The Neuropeptide Corazonin Promotes Higher Rates of Foraging in Apis mellifera Workers
AuthorObernesser, Bethany Taylor
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PublisherThe University of Arizona.
RightsCopyright © is held by the author. Digital access to this material is made possible by the University Libraries, University of Arizona. Further transmission, reproduction, presentation (such as public display or performance) of protected items is prohibited except with permission of the author.
AbstractHoney bee workers take on specific roles within the colony. Young adult workers (~1 week old) perform in-hive tasks such as cleaning or brood care (“nursing”), while older workers forage for pollen, nectar, and water. This behavioral shift is regulated by hormones such as juvenile hormone (JH) and vitellogenin (vg), however the role of other hormones in this process is less-well understood. Additionally, stressors like poor nutrition and infection can accelerate this behavioral transition leading to precocious foraging and may result in reduced forager performance and accelerated colony decline. The neurohormone corazonin (crz), an 11 amino acid peptide with structural similarity to vertebrate gonadotropin-releasing hormone (GnRH) and invertebrate adipokinetic hormone (AKH), plays a part in determining caste identity in ants and other Hymenopterans. Harpegnathos ants performing nest-associated tasks have higher levels of vg and low levels of crz, while ants performing tasks outside of the nest have low vg and higher crz expression. Crz is a proposed stress hormone demonstrating a variety of functions across several groups of insects, however, the exact purpose of this hormone has yet to be identified in honey bees. In this study, I explore the molecular mechanism underlying the nutritional stress response that leads to precocious foraging, and whether crz is involved in this response. Additionally, I examine whether crz plays a role in the behavioral transition of honey bee nurses to foragers by injecting honey bee workers in the head with crz peptide. I found that although age did not have a significant effect on crz expression, starvation altered crz expression. Finally, I found that bees injected with crz take greater amounts of foraging trips than bees injected with a control and bees that were left un-injected.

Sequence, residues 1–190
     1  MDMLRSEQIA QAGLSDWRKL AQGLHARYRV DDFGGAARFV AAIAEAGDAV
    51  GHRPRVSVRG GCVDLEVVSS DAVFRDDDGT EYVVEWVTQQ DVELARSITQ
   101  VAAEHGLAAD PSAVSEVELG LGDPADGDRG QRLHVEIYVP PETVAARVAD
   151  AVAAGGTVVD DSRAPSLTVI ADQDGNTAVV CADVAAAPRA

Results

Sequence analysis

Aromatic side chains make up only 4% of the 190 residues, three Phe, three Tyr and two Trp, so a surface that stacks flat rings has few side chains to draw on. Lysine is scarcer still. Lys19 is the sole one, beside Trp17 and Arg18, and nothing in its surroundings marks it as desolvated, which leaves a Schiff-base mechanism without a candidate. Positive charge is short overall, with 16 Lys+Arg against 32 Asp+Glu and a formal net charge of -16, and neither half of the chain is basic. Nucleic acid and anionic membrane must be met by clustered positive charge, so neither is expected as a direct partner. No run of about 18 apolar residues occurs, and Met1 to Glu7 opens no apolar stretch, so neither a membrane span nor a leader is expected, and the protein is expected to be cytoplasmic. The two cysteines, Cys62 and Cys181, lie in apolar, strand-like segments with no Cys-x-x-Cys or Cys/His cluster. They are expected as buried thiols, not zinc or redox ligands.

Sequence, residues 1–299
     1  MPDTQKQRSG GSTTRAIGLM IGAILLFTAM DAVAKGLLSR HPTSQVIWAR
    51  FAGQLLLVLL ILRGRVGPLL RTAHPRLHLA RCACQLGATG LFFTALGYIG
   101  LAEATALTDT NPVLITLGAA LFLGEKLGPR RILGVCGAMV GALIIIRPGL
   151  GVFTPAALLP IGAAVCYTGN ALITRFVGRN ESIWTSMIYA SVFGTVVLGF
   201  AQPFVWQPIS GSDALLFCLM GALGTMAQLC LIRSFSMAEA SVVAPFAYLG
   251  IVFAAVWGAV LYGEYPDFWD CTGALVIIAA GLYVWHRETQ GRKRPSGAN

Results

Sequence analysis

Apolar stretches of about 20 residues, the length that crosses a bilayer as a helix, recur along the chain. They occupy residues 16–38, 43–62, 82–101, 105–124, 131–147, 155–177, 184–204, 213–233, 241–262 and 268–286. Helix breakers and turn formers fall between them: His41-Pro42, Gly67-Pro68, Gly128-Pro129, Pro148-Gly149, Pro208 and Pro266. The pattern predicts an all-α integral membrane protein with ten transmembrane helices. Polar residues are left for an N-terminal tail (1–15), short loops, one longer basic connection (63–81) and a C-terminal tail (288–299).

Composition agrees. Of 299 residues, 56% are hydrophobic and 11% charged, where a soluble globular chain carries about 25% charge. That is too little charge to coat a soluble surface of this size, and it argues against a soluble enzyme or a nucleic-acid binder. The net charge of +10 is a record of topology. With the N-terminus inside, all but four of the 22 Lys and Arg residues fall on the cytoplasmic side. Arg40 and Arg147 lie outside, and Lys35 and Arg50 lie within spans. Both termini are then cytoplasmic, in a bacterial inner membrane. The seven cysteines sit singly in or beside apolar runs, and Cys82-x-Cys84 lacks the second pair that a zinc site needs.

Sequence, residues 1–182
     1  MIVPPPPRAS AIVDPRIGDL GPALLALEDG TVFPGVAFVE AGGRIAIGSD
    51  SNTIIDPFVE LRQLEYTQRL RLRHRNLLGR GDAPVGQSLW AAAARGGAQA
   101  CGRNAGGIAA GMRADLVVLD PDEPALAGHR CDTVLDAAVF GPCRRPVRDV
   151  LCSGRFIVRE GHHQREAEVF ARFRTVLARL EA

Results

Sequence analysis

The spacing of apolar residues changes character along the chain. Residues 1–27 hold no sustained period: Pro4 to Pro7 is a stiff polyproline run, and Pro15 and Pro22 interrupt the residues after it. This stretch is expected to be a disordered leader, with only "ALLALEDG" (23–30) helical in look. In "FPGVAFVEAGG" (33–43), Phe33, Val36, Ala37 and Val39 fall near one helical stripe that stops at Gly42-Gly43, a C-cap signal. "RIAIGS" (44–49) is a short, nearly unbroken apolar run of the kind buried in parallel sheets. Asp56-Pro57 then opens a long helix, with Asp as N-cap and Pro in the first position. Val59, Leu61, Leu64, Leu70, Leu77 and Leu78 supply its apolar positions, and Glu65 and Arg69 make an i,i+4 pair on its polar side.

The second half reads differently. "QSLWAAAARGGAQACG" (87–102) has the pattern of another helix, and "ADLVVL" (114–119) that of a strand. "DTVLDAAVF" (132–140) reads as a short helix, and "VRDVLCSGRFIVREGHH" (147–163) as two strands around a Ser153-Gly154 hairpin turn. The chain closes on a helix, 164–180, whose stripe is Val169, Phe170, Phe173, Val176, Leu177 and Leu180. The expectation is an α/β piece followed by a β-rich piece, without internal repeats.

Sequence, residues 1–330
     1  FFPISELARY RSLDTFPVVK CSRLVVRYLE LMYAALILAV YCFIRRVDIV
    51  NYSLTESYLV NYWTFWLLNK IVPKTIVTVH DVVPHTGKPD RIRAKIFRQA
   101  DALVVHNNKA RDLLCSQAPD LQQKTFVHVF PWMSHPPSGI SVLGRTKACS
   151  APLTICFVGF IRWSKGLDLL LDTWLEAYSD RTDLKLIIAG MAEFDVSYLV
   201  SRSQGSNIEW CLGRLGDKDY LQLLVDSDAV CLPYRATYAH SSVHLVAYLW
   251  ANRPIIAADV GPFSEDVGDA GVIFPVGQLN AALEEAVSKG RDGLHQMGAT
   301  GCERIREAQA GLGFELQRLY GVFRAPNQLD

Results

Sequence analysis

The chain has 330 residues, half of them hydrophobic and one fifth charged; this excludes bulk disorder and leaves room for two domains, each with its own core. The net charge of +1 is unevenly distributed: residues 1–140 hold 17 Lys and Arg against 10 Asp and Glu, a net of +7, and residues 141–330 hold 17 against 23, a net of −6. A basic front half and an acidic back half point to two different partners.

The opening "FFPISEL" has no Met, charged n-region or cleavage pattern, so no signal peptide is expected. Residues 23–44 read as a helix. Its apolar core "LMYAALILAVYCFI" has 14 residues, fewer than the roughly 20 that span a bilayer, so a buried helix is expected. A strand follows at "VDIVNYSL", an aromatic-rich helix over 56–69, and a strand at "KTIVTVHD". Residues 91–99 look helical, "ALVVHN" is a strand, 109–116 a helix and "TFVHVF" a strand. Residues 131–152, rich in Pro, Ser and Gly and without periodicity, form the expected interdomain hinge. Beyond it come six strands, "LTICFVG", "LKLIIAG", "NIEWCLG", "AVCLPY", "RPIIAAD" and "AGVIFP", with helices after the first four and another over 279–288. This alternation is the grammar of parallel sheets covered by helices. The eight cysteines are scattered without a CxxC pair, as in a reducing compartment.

Degree ProgramGraduate College
Entomology & Insect Science